of active, earnest, bona fide stndenta
who are in school for the purpose of
securing a preparatory education.
The fact that Supt. Breggs permits
such questionable tactics in his school
and at the same time certifies to their
standing of tho po-called students
amounts to little less than perjury.
Supt. Sanders, of Roseburg, admitted
that the Roseburg team was not com
posed of bona fide students and was also
weak enough to admit that he could not
prevent the crafting in the athletic cir
clea of his school. Engene Register.
$150,000 Damage 5u!t.
The Plaixdsalxk learns that Judge
Hamilton, who tried the Hume-Chansso
libel Euit at Grants Pass, will sue Baron
Hume, of tho Lower Roguo, for one
hundred and fifty thousand dollars dam
ages for criticisms on his personal honor
and integrity. It seems that the Rogue
river Baron wrote a letter criticising
Judge Hamilton's action or rulings in
tho trial of the libel case and this is the
ground for the damage suit. Tho facts
in the caso are uukuown to the Plai.v
duler and we have only a report from
Grants Pass to back up this statement.
The above was published in our last
issue and our attention has been call
ed to the fact that the report must
have been circulated in Grants Pass,
with the view of stirring up strife be
tween the parties named.
Holy Rollers.
The two leaders of Holy Roller
fame who have been causing so much
disturbance in Corvailis for a week
left Sunday for parts unknown.
They evidently wero informed that a
mob of citizens were preparing to
present them with a coat of tar and
feathers, and a pleasant ride out of
town on a rail. If they had remained
24 hours longer the city would cer
tainly have been the center of an
other scandal. Tho family who de
stroyed their household effects while
under tho influence of a religious de
lusion have at last come to their
senses and have replaced tho furni-
turo they sacrificed with new.
Walking Delegates Will Not Escape
New YortK, Nov. 4 Samuel Parks,
from his cell in the city prison, is said
to have announced that he will resign
as walking delegate and as a member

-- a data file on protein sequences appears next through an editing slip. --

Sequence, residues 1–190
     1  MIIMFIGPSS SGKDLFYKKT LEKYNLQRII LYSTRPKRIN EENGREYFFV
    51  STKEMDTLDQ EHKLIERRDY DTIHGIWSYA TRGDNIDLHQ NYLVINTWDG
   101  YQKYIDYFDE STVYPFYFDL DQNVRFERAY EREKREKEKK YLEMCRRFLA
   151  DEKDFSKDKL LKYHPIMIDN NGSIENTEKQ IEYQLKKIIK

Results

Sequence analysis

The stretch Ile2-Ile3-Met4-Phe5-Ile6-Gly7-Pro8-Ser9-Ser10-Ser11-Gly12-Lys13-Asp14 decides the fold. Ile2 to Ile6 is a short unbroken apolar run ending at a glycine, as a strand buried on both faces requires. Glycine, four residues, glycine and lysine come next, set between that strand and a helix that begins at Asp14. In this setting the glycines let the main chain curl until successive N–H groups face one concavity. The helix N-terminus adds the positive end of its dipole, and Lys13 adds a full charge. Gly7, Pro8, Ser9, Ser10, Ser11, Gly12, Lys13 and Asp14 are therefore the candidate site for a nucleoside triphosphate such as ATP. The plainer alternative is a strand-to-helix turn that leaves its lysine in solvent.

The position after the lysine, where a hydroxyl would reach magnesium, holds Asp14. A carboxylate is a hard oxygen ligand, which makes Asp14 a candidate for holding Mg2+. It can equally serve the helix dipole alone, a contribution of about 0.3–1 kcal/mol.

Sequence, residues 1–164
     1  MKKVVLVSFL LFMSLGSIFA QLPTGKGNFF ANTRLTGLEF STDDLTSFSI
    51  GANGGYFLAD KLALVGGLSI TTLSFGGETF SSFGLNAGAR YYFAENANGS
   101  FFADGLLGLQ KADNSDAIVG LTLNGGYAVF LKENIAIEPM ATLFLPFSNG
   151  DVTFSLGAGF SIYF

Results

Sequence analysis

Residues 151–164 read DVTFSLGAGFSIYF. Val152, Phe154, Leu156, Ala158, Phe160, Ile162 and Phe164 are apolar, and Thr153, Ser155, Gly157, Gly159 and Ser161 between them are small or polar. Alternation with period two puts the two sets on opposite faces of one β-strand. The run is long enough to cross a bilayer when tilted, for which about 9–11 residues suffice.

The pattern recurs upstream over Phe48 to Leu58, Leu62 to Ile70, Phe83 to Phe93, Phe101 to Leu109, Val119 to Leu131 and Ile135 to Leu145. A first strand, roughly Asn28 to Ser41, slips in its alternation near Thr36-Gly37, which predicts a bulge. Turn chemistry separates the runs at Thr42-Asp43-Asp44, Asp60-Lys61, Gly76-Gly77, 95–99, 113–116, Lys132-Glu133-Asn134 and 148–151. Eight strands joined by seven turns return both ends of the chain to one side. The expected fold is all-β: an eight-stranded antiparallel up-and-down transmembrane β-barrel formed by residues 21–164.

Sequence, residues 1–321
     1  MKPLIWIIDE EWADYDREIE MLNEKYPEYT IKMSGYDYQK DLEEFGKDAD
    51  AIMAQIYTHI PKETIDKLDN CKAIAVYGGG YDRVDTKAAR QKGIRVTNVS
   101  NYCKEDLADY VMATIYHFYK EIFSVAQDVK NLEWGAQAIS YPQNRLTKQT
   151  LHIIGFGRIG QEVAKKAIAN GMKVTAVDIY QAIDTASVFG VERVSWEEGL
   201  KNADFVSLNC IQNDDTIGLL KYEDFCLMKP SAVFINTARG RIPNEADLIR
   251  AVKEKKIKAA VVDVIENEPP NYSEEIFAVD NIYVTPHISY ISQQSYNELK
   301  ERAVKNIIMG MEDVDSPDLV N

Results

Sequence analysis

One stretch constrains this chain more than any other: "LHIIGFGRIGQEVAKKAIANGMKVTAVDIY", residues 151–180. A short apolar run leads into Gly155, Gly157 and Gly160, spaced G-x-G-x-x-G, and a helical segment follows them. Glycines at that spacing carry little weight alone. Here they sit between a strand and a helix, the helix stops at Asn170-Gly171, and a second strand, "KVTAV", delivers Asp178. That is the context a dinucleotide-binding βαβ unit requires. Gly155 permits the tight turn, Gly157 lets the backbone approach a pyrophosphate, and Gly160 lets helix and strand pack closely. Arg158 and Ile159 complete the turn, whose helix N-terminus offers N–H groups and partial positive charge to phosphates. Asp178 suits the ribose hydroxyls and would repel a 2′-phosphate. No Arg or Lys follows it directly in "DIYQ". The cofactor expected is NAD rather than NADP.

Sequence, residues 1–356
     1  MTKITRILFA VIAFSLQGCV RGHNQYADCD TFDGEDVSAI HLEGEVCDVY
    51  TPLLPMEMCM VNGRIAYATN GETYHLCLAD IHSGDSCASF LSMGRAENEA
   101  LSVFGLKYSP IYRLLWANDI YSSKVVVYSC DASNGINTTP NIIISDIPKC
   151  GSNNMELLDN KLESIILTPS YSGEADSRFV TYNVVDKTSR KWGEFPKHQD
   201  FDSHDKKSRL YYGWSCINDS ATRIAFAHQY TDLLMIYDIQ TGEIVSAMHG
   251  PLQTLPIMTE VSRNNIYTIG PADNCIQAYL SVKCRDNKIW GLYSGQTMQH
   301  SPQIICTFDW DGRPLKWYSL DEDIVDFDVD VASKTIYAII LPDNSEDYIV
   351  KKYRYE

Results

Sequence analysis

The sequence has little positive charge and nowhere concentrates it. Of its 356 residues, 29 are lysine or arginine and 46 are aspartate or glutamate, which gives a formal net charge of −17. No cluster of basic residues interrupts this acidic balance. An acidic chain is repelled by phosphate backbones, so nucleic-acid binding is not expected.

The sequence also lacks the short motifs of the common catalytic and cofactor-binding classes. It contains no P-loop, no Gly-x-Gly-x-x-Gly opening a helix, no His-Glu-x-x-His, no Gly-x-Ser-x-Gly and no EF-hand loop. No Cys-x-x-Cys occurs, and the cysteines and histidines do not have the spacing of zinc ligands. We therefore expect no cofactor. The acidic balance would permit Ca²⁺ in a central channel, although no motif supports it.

of the Housesmiths' & Bridgemen's
Union at its meeting Friday night,
He says ho is out of the labor move
ment forever, and declares ho wil
not appeal for his conviction in the
extortion cases for which he recently
was tried. Ho is eager to serve his
prison term, and is not seeking bail.
"I am done," said Parks. "Nothing
can save mo from Sing Sing. If I did
get a new trial I would bo convicted
as regularly as I camo beforo a jury.
I am not ashamed of my labor career.
I thought I was right and followed my
best judgment. I have but ono ro-
gret and that is for my wife. She is
prostrated ovor my troubles."
Cleveland Notes.
John T. Long, one of Roeeburg's
prominent lawyers, was out here visit
ing relatives last Sunday.
Mr. Burke of Calapooia, was visiting
friends here the first of the week. Call
again Mr. Barke.
There has been some more gravel
hauled on the roads lately. Let the
good work go on.
Mr. Woodruff and family were Rose
burg visitors last Saturday.
The dance given by Mr. Henderson of
the old poor farm was a grand success.
It took place last Friday evening.
W. W. Scott was out on a visit from
the Soldiers' Home the first of the week.
He says he is well treated at the Home.
Wallace Mnrdock and Charles Scott
were out taking snap shots with the
former's camera, last Sunday.
Mr. and Mrs. E. T. WoodmlT and
daughters, Mabel and Louise, were the
guests of Mr. and Mrs. A. Doerner last
W. Scott has turned doctor lately.
Nobody need be sick now.
The Long boys were out the first of
the week running coyotes but didn't
catch one that we know of.
Hollowe'en passed off quietly in our
village, no mischief being done that
anybody knows of.
All last week we had Hme of thoee
beautiful moonlight nights tliatuo other
place that we have ever seen, can boast
Jesso Tooley was in Roseburg one day
last week on business.
John and Albert Becker were break